- Music drama in 1 act
- Composer: Franco Leoni
- Libretto: Camillo Zanoni, based on The Cat and the Cherub, by C. B. Fernald
- First performed: Royal Opera, Covent Garden, London, UK, 28th June 1905, conducted by André Messager
|UIN-SCÎ, a learned doctor||Baritone||Vanni-Marcoux|
|CIM-FEN, proprietor of an opium den||Baritone||Antonio Scotti|
|HU-TSIN, a wealthy merchant||Bass|
|UIN-SAN-LUI, Uin-Scî’s son||Tenor||Charles Dalmorès|
|HU-CÎ, Hu-Tsin’s little son||Silent|
|AH-JOE, Hu-Tsin’s niece||Soprano||Pauline Donalda|
|HUA-QUÎ, Hu-Cî’s nurse||Contralto|
An opium maniac
Chinese men, women, and children
SETTING: The Chinese quarter of San Francisco.
At the turn of the century, Westerners toured San Francisco’s Chinatown, eager for sensation. They wanted to see temples and pagodas, opium dens and crime. L’Oracolo is the operatic equivalent.
It takes place in a single day, compressed into barely an hour. It begins and ends with a cock crowing; in between are opium maniacs, gamblers, Chinese New Year celebrations, dragon dances, kidnapping, and two murders.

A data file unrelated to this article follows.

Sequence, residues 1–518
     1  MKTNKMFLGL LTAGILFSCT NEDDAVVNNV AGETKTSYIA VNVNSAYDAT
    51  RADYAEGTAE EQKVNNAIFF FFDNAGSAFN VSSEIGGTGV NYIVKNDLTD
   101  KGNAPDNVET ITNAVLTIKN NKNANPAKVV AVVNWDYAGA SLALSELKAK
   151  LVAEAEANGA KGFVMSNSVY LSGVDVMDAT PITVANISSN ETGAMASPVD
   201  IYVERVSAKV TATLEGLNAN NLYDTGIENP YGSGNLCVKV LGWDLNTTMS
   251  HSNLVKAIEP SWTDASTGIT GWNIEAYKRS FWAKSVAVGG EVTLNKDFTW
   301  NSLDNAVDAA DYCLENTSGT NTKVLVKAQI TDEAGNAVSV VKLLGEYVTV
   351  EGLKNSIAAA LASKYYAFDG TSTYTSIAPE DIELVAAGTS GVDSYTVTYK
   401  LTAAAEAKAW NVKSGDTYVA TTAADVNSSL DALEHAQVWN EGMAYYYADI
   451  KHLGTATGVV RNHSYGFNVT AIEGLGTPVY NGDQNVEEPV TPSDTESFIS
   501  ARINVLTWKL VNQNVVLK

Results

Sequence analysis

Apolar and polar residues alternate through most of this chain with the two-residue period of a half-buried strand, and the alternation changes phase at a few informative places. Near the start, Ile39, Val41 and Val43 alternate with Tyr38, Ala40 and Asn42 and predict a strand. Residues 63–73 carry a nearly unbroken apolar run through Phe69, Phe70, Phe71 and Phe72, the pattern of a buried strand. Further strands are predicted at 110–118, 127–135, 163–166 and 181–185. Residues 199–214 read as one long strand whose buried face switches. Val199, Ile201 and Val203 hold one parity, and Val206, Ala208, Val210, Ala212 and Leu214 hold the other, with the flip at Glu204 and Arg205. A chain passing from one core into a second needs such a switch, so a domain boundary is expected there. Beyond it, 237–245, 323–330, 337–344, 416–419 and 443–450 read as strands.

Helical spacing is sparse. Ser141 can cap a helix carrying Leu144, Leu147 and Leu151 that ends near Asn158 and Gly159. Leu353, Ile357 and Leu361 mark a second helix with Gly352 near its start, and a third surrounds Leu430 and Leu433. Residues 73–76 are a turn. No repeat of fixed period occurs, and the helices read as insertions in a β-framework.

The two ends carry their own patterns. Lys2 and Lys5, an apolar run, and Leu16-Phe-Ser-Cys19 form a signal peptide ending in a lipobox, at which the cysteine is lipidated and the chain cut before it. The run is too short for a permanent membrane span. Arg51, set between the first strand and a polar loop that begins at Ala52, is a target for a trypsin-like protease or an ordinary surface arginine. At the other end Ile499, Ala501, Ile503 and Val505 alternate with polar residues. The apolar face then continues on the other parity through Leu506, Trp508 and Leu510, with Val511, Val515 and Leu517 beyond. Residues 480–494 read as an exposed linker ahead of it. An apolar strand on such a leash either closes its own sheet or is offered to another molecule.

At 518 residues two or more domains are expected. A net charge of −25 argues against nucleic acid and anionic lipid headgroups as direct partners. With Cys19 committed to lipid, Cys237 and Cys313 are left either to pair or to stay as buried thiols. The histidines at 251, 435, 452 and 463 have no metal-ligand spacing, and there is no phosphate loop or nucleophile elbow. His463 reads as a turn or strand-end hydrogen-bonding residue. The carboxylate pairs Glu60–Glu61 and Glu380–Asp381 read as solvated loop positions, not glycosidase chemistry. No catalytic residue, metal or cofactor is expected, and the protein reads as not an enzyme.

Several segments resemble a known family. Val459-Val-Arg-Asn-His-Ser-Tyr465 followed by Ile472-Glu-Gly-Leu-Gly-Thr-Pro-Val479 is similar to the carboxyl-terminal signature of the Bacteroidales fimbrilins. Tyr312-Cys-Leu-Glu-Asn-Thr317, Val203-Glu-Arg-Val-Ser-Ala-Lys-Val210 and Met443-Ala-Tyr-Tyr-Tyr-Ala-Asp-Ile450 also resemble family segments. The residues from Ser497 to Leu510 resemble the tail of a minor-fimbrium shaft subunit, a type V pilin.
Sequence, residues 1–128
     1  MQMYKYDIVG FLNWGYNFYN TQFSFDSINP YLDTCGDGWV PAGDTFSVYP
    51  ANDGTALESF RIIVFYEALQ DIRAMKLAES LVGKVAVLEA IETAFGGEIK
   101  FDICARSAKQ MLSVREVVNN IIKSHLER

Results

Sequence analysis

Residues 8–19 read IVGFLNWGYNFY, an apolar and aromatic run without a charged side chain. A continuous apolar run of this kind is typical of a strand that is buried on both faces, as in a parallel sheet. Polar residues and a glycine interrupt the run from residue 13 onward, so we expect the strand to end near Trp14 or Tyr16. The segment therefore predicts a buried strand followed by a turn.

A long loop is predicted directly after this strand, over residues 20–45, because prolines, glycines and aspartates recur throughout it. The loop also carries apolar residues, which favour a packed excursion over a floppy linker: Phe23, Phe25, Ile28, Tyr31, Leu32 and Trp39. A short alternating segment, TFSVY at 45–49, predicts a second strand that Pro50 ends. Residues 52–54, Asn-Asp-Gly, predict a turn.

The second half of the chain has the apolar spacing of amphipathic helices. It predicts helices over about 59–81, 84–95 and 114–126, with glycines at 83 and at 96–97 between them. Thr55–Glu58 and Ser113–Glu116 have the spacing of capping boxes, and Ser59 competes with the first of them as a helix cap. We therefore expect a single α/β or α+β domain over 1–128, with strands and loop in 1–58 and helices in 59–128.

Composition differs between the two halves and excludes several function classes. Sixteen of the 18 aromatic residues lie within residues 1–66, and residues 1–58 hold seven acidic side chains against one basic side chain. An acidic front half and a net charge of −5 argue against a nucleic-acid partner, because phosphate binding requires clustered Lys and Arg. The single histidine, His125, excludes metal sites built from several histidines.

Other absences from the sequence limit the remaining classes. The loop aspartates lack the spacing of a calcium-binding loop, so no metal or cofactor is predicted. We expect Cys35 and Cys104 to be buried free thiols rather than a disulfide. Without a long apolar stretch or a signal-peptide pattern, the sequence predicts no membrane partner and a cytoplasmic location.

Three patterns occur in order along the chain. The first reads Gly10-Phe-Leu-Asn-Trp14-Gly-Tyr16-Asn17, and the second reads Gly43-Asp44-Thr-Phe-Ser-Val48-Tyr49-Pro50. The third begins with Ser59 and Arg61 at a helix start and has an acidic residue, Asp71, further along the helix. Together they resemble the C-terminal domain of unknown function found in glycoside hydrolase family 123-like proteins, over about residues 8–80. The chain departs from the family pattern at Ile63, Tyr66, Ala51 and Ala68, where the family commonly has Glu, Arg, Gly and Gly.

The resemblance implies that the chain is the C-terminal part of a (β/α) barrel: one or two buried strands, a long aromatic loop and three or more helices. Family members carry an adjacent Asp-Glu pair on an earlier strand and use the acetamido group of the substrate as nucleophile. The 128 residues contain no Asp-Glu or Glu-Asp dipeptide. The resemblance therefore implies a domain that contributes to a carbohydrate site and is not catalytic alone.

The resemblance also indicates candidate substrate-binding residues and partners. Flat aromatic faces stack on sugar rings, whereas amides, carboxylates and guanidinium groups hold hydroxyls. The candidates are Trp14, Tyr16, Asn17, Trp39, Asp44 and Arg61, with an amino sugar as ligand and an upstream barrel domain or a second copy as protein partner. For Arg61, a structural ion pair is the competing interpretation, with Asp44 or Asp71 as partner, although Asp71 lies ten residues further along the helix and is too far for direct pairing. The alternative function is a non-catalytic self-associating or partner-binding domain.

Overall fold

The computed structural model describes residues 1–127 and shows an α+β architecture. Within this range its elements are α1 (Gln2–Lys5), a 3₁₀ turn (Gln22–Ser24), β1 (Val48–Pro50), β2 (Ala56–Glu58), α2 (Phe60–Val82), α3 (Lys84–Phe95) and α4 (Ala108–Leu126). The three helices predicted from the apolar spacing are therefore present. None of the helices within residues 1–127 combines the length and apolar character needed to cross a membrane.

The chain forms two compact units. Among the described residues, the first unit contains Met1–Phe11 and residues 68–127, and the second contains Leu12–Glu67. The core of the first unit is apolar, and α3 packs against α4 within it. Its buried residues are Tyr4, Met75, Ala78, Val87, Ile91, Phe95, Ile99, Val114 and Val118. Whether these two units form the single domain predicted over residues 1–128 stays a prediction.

The main rôle is the baritone: the villainous Cim-Fen (created by Antonio Scotti, later a principal artist at the Met for three decades). The opium-dealer desires a merchant’s niece and the merchant’s money; he kidnaps the merchant’s son, murders the niece’s lover, and is then murdered himself by his victim’s father.
The opera is based on the American playwright Charles Bailey Fernald’s one-act play, The Cat and the Cherub (1897), which aimed “to present a quick succession of powerful scenes illustrating the peculiar atmosphere in which the scene of the play was laid”. The Daily Telegraph described it as “a grim little play … wherein, with no little dramatic force and a certain strange order of fantasy, horror on horror’s head accumulated”.
For all its sensationalism, the work is musically and theatrically effective. The composer was Franco Leoni, an Italian who studied with Ponchielli, then moved to London after his first opera (Raggio di Luna, Milan, 1890) failed to impress his fellow countrymen. L’Oracolo, however, shows that he knew what to do. The opera was a triumph in London – “a success to which its fluency, its fancy, its melodic grace, and its feeling for character all contribute,” The Daily Telegraph wrote.
The score is almost cinematic: snatches of offstage choruses (e.g., the gamblers at the end of scene 1) act almost as dissolves, linking scenes. There are novel sound effects (clocks, foghorns, roosters). Pentatonic scales, Chinese themes (or Italian ideas thereof), gongs and xylophones provide Chinese colour. So do a majestic hymn, “Tien Ciang-Ti”, that leads into a bustling market scene, and a fortune-telling ensemble, “Ome tofa”. The opera’s most spectacular scene is the dragon procession (“Il drago! Il drago!”), during which Cim-Fen kidnaps the merchant’s son.